Murray French is a resident in a seaside village that is struggling desperately in the face of unemployment. They have only one hope; they can have a factory built which will provide the majority of the townsfolk with income. However, to secure the permission for it to be built, they must have a doctor living nearby. Luck seems to come their way when a young medic named Dr. Paul Lewis makes his way over to the town for a month-long stay and Murray and the other villagers set about trying to indirectly convince him to stay permanently; whether that is trying to get the local postlady to flirt with him or leaving him welcome gifts. But the more they try to give him reason to stay there, the more Paul starts to feel it's not his idea of home.
Continue: The Grand Seduction Trailer
Aside from being an exercise in point-of-view cinema, it's not clear why French filmmaker Khalfoun (P2) bothered to remake the notorious 1980 slasher horror. This version certainly doesn't include any of the subtext that made 80s horror so intriguing. Instead, it strings together a thin plotline as an excuse for extremely grisly violence and whizzy camerawork. That's enough to hold our interest, but it never gets under the skin.
It's set on the side-streets of Los Angeles, where Frank (Wood) lives in the family mannequin shop haunted by memories of his trashy mother (Olivo). A true psychopath, Frank prowls the streets at night attacking women and scalping them to create a sinister mannequin tableau back home. When he meets the French photographer Anna (Arnezeder), he decides to try and live a normal life. She is intrigued by his shop, and wants the mannequins for her gallery exhibition. But how long will it be before Frank snaps?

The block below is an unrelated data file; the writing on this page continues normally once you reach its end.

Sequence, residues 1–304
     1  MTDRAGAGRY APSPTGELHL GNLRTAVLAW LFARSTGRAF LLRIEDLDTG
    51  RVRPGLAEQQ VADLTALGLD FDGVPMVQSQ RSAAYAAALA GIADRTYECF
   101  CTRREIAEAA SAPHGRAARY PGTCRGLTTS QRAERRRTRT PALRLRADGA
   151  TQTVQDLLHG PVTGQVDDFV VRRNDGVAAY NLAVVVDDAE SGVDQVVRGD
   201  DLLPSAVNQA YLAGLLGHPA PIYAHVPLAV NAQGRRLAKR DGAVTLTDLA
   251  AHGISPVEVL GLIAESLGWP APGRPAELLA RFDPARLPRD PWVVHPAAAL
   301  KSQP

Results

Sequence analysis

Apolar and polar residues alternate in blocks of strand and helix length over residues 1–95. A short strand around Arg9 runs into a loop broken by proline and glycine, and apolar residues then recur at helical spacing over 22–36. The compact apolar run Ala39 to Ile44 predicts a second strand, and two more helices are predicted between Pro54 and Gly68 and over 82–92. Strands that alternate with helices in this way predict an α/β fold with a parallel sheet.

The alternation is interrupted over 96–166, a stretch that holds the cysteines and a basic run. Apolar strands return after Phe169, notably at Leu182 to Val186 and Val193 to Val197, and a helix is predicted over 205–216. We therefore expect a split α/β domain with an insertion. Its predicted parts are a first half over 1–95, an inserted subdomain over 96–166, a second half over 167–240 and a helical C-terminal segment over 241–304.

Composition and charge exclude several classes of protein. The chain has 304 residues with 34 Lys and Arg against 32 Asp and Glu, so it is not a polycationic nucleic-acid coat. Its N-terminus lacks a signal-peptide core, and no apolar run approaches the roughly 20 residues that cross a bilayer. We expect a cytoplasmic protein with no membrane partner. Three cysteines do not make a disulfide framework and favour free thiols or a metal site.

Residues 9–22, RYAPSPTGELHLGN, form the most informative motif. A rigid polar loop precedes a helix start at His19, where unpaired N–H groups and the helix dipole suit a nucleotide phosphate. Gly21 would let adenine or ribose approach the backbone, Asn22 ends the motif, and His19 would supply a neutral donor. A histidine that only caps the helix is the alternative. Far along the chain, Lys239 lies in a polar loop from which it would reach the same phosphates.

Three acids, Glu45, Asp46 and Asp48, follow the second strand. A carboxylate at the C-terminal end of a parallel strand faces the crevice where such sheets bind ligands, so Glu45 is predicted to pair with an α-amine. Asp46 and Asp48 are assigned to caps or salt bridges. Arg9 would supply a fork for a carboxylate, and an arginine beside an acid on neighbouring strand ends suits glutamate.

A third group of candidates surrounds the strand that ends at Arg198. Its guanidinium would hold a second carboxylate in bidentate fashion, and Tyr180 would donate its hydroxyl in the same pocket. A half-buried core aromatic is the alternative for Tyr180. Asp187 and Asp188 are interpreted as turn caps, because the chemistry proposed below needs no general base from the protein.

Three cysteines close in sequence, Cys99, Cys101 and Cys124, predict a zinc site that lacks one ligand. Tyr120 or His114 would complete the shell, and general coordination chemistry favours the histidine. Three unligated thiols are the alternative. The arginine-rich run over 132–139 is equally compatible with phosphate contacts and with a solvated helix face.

Filmed completely through Frank's eyes, we only get glimpses of Wood in mirrors and in a couple of eerie out-of-body shots along the way. But Khalfoun stirs in fantasy sequences, memories and delusions as well, trying to get us into the mind of this mild-mannered killer. Much of this is bravura filmmaking, with long takes and complicated camera angles combining with above-average make-up effects. With all of the brutality aimed at women, the film definitely recaptures the misogynistic tone of those 1980s video-nasties.
Continue reading: Maniac Review
Rachel Blanchard and Liane Balaban - Rachel Blanchard and Liane Balaban Toronto, Canada - The 35th Toronto International Film Festival - Alliance Films party to celebrate their 2010 TIFF lineup. Saturday 11th September 2010
Liane Balaban, Guest and Rachelle Lefevre - Liane Balaban, Guest and Rachelle Lefevre Los Angeles, California - 3rd Annual Women In Film Pre-Oscar Party held at a Private Residence in Bel Air - Inside Thursday 4th March 2010
The Hallmark-ready story begins with Harvey Shine (Dustin Hoffman), a borderline jerk of a guy who appears to have shut down on life by the time we find him. A jingle writer who once hoped for greater things musically, he's on his way to London where his daughter is marrying into a family that seems to have a greater affinity for his ex-wife's new husband than himself.
Continue reading: Last Chance Harvey Review
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Aside from being an exercise in point-of-view cinema, it's not clear why French filmmaker Khalfoun...
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